The tests were performed on the portable bench-top multiplexed array technology that has been described in detail elsewhere.6–10 It has been shown effective at detecting antibody in response to vaccination11 and has characterised accuracy and precision for CRP and total IgG assays6 with typically 10% accuracy and intra-day precision of less than 5%. The technology consists of an array of 170 of gold nanoparticle spots which scatter light into a video camera when illuminated from below (Fig. S1). Each array includes antibody to capture CRP, Protein A/G to capture total Fc-binding antibodies and COVID-19 recombinant antigens S1, S2, and N protein along with SARS membrane (M) and envelope (E) proteins.

Diluted serum (or whole blood) is injected into the device to flow over the array producing a brightness change time (Fig. 1) during a loading step, before undergoing a wash cycle. A detection anti-CRP completes a sandwich assay for the CRP assay and an antibody recognising all human IgG, IgM and IgA detects total serum antibodies binding to each SARS CoV2 antigen (the Rapid Test). Alternatively, antibodies specific to IgG, IgM and IgA in series can be applied to detect individual responses to determine specific IgG, IgM and IgA against each antigen (The Antibody Class Differential Test). The light intensity change in the detection step is integrated for two minutes to produce an area under the curve (AUC) of light intensity seconds (Fig. 1). The test cycle takes 7.5 minutes followed by 2.5-minute regeneration.

image file: d0an01066a-f1.tif
Fig. 1 (A) Time course of the simultaneous evolving sensor response for each antigen in real time for a representative RNA(+) patient showing the combined IgM, IgG, and IgA response against membrane (Mem), spike (S) 1 and 2, nucleocapsid (N) and envelope (Env), and host proteins aCRP, total IgG (represented as the capture antigen Protein A/G (PAG)). The first set of responses (before 250 seconds) shows binding in response to patient serum exposure and the second set of responses the detection antibody (300–400 seconds) (B) The combined IgG, IgA and IgM sensor response in mRIU seconds is shown for each viral and host antigen integrated over 120 seconds. The total serum IgG level (represented as PAG in (A) is divided by 5 (C) Evolution of the IgM, IgG and IgA response for a single patient.

Array biofunctionalisation and materials

The arrays were functionalised according to the procedure detailed elsehwhere.6 Briefly, the antigens S1, S2, E/M antigens were printed as received from the supplier onto the gold surface functionalised with EDC/NHS. The N antigen was buffer exchanged prior to printing into the standard PBS/glycerol buffer. The arrays were washed and blocked with serum at stored at 4 °C prior to use.

The materials used in the course of the experiments were used without further purification, as certified by the suppliers. Sigma-Aldrich supplied phosphate buffered saline in tablet form (Sigma, P4417), phosphoric acid solution (85 ± 1 wt% in water, Sigma 345245), Tween 20 (Sigma, P1379), N-(3-dimethylaminopropyl)-N′-ethylcarbodiimide hydrochloride (commercial grade, E7750), N-hydroxysuccinimide (98%, 130[thin space (1/6-em)]672) and bovine serum albumin (>98%, A3059). SAM molecules, linker HS-C11-EG6-OCH2-COOH (>95%, TH 003-M11.N6) and spacer HS-C11-EG3-OH (>95%, TH 001-M11.N3), were supplied by ProChimia Surfaces. Native human C-reactive protein (>99%, P100-0) and CRP depleted serum (SF100-2) were obtained from BBI Solutions. Glycine (analytical grade, G/0800/48) was provided by Fisher Scientific and recombinant PAG (21186) was supplied by ThermoFisher Scientific. The assay running and dilution buffer was PBS with 0.005 v/v % Tween 20 and the regeneration buffer was 0.1 M phosphoric acid and 0.1 M glycine solution in deionized water.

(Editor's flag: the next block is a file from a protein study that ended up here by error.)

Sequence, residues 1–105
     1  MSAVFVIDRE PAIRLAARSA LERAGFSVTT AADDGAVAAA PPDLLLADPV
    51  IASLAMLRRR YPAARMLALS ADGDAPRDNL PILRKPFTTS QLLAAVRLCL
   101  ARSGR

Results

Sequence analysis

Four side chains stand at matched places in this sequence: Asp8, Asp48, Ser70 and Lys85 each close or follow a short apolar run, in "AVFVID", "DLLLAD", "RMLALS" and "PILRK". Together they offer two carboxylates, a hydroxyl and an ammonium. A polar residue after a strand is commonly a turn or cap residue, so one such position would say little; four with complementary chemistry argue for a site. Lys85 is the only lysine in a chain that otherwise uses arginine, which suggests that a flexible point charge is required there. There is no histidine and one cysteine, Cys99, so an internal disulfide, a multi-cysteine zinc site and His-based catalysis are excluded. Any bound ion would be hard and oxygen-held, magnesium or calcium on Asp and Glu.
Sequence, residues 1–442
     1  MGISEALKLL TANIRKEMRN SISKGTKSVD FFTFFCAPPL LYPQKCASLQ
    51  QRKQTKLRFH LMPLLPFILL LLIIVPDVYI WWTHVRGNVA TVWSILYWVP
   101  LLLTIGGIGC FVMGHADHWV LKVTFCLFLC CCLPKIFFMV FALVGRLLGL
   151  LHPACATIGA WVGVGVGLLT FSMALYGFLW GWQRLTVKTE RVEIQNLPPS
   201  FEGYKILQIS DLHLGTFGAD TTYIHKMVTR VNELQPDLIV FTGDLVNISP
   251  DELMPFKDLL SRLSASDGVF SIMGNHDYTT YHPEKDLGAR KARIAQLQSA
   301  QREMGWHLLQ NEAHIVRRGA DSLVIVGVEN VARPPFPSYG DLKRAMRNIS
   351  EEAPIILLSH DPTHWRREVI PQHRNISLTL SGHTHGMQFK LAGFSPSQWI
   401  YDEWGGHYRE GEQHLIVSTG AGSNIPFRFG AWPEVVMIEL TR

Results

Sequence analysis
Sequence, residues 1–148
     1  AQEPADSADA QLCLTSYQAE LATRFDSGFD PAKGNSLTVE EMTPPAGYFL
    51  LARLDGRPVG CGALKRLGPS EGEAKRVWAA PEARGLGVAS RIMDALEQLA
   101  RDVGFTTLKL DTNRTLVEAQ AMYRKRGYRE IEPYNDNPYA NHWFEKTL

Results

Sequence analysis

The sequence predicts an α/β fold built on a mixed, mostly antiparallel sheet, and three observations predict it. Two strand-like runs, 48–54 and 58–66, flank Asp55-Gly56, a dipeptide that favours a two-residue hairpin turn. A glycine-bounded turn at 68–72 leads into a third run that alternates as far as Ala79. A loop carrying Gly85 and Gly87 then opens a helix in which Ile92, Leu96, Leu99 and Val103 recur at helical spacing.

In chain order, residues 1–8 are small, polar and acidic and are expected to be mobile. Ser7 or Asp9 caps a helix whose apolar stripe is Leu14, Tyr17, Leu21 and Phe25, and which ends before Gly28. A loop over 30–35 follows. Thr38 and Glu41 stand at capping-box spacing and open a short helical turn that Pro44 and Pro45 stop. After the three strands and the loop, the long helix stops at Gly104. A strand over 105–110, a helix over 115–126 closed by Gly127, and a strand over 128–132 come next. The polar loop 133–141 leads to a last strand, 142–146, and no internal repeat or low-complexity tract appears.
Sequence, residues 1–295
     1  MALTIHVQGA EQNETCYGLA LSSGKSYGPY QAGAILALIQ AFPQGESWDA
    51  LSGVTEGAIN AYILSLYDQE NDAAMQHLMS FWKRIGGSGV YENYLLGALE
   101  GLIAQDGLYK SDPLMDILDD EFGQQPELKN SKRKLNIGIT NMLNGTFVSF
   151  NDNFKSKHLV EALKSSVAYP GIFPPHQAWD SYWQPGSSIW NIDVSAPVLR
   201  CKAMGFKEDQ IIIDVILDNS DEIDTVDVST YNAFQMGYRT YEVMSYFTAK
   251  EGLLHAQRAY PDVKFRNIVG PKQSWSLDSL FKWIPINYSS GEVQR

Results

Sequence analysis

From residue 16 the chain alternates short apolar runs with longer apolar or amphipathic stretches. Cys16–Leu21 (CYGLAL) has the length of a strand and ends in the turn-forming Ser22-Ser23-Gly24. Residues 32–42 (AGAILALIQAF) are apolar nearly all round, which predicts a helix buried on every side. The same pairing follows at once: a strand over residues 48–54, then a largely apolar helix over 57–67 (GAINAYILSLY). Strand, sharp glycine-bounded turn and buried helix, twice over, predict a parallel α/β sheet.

The recombinant antigens REC31754-100 SARS Coronavirus Envelope Protein (E. coli); REC31753-100 SARS Coronavirus Membrane Protein (Matrix) (E. coli); REC31806-100 SARS-CoV-2 Spike Glycoprotein (S1), SHFc-Tag (HEK293); REC31807-100 SARS-CoV-2 Spike Glycoprotein (S2), SHFc-Tag (HEK293); REC31812-100 SARS-CoV-2 Nucleoprotein His-Tag (E. coli); and PAB21446 Rabbit Anti-Sheep (H + L) were supplied by the Native Antigen Company (Oxford). SAB3700698 Anti-Sheep IgG (Fc specific) polyclonal Antibody produce in rabbit, sourced from Sigma-Aldrich.

Detection reagents were supplied by Bio-Rad, 5211-8004 Goat Anti-Human IgG polyclonal Antibody, STAR141 Goat Anti-Human IgA polyclonal Antibody, STAR145 Goat Anti-Human IgM polyclonal Antibody, STAR 125 Goat Anti-Human IgG polyclonal Antibody, 1707-0189G goat anti human CRP polyclonal antibody; and Randox: IA8354 Immunoturbidimetric Anti-Human IgA Antibody, IG8352 Immunoturbidimetric Anti-Human IgG Antibody, IM8353 Immunoturbidimetric Anti-Human IgM Antibody.

A serum negative standard, CRP depleted serum (BBI SF100-2) acting as CRP(−) control and a SARS-COV-2 antibody negative control. Similarly, a CRP positive control (Level 3 Randox CP2481) is a SARS-COV-2 antibody negative control. A positive patient control was identified early in testing and used as part of the QC process.

Array test protocol